“Say Flip, you is so funky…” — Vince Reyes, “For My Stylin’ Brothers.”
[Photo credit: Tony Remington, Liwanag (1975)]
Some things I am thinking about today: I am thrilled to have found some poetics essays by Al Robles (1930-2009), and Serafin Malay Syquia (1943-1973)*. I am also thrilled to have found an article by Ninotchka Rosca on Asian American artists and the Asian American audience (I will talk about this Rosca article another time). These things I’ve found while on my usual scour of academic e-archives, and my bookshelves, for my USF Filipino Literature syllabus.
Al Robles wrote “Hanging on to the Carabao’s Tail,” a creative essay published in Amerasia in 1989. It’s very critical of the Asian American poet, or of the poet in general, of the work we are to do, and of the alliances we are to form. He references Russell Leong’s essay on Asian American poets 1968-1978, also in Amerasia, Leong’s discussions of Third World reorientation, and the enacting of Tribe: “We read as we wrote — not in isolation — but in the company of our neighbors in Manilatown pool halls, barrio parks, Chinatown basements.”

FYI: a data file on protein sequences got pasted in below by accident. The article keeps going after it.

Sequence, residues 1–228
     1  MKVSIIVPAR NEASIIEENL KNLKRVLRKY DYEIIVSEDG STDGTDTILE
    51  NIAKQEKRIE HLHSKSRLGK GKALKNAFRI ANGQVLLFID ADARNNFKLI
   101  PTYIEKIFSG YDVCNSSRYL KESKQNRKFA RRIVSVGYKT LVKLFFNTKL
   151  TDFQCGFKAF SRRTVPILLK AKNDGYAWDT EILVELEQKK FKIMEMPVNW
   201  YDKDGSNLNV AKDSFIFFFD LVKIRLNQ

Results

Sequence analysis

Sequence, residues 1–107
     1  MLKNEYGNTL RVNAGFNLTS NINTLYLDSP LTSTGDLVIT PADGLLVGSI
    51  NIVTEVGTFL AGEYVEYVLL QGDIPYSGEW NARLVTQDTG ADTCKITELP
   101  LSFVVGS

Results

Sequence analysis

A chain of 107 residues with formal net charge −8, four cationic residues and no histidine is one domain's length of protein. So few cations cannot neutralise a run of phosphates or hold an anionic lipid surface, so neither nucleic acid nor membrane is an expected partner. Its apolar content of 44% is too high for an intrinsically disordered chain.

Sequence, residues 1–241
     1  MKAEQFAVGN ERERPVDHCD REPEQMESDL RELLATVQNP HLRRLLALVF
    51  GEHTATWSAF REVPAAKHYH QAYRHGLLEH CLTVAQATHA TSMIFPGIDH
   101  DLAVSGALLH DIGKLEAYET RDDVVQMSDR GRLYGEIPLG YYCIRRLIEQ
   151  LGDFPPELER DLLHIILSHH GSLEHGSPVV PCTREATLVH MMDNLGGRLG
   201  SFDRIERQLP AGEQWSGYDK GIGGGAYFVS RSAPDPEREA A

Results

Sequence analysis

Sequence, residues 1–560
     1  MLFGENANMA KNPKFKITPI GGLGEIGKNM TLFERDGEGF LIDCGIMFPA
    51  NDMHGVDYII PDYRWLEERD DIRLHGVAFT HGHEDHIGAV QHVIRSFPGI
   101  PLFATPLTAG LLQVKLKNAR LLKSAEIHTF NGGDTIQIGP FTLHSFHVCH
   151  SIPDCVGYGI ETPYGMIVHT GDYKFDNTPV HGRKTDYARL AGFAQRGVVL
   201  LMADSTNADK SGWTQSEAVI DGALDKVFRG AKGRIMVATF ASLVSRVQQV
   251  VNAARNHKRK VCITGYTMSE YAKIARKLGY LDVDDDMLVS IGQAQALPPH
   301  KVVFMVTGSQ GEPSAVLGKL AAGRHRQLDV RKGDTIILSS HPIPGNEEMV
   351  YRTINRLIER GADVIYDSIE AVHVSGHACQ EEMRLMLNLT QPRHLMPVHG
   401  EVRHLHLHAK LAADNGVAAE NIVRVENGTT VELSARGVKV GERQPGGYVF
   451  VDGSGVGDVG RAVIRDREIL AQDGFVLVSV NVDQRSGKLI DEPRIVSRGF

I understand why this mode of poetic creation and creativity is the preferred mode; in order to write about community and tribe, we must practice and embody community and tribe.
I therefore also understand why those who engage in the solitary act of writing and reading are viewed with suspicion, even contempt, by the tribe.